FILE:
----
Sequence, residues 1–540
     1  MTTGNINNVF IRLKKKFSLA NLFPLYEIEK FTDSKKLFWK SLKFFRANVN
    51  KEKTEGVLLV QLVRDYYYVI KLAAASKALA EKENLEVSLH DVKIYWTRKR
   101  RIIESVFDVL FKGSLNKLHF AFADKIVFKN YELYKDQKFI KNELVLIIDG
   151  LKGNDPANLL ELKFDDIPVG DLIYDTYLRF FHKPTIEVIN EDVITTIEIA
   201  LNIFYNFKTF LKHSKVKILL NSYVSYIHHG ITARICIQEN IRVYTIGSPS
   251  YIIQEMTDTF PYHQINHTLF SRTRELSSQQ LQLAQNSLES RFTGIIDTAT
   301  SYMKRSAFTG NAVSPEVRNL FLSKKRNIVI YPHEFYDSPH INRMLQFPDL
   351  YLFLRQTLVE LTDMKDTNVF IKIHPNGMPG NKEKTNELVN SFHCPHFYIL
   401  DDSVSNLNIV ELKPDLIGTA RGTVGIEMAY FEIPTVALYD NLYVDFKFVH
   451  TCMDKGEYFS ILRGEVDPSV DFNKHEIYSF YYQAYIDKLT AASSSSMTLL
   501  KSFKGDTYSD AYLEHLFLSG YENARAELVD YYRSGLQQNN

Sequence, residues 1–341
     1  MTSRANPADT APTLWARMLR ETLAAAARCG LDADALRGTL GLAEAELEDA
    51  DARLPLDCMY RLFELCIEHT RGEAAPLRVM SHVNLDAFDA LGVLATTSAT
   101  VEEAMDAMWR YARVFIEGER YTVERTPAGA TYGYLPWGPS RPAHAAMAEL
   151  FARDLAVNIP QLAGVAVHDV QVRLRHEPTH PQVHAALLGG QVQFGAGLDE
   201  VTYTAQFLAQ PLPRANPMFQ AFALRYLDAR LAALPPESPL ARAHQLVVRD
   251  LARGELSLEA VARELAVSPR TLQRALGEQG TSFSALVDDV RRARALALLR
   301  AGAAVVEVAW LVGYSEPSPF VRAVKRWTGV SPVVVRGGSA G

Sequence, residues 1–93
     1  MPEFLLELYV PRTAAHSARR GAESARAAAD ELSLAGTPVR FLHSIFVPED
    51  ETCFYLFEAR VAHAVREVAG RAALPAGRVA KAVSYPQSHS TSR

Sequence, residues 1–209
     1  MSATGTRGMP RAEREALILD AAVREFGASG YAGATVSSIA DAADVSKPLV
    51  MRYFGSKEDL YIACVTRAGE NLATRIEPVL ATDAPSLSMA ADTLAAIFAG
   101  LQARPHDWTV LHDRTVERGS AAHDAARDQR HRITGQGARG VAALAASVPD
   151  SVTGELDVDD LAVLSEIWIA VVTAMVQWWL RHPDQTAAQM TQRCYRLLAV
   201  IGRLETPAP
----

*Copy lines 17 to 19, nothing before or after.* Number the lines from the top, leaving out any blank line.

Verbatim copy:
   151  FARDLAVNIP QLAGVAVHDV QVRLRHEPTH PQVHAALLGG QVQFGAGLDE
   201  VTYTAQFLAQ PLPRANPMFQ AFALRYLDAR LAALPPESPL ARAHQLVVRD
   251  LARGELSLEA VARELAVSPR TLQRALGEQG TSFSALVDDV RRARALALLR